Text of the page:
Saturday, October 09, 2004

Afghan Elections, Reminds Me Of America

All 15 opposition candidates to interim President Hamid Karzai declared Afghanistans first democratic election a fraud and refused to recognize the results. And this was before the polls closed.

It turns out there were a few problems mostly having to do with with people voting more than once. Kind of the opposite of our elections where people are denied the ability to vote even once or to have their one vote counted. Although there has been the charge that some voters in New York and Florida had been able to vote in both states back in 2000.

I guess it just goes with the territory with a representative democracy, if there is a free election there will be a free-for-all at the polls.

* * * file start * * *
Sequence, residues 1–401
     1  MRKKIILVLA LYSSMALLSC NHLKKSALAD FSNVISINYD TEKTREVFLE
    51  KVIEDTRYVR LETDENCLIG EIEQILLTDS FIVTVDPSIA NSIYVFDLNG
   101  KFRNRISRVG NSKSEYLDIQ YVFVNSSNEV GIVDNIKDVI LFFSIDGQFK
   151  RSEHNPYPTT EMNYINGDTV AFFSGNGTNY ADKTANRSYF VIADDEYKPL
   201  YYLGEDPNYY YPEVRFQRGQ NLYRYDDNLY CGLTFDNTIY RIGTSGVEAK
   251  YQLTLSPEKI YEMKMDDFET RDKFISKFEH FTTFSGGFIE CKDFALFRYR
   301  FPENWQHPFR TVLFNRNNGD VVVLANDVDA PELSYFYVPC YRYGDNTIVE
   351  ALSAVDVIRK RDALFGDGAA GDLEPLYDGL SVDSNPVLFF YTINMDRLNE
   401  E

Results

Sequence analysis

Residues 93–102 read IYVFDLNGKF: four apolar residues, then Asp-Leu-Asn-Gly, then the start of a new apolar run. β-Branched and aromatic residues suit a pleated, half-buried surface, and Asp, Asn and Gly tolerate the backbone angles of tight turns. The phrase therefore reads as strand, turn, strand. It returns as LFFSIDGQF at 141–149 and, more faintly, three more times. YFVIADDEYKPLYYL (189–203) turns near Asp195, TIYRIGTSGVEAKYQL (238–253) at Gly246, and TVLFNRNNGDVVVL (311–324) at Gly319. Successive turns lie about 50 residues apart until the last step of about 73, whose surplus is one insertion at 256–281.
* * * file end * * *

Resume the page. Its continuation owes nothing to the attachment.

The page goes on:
So what might happen in Afghanistan? My guess is that they will have to have another election, otherwise Karzai will be considered illegitimate by many in the country. Oops, again like the United States as many still believe George Bush was not legitimately elected as president. Of course the difference in Afghanistan is that at least one candidate is a regional warlord.

From the article I link, "If the election is questioned or even annulled—the least likely outcome—then many Afghan voters will feel disenfranchised. If the election results stand then a candidate like Qanooni, who represents the powerful Tajik ethnic minority group, could demand a high price for his political cooperation, thus undermining the election results. Either way, the election that was supposed to have brought Afghans together may end up dividing them further."

Again it sounds like America, where did I hear that "I'm a uniter not a divider" slogan? Oh, yeah, George Bush in 2000. And four years later I see a very divided country.

Afghan story...


Blogger Heather S. said...

Scary. I wish the whole world would read this blog.

3:53 PM  

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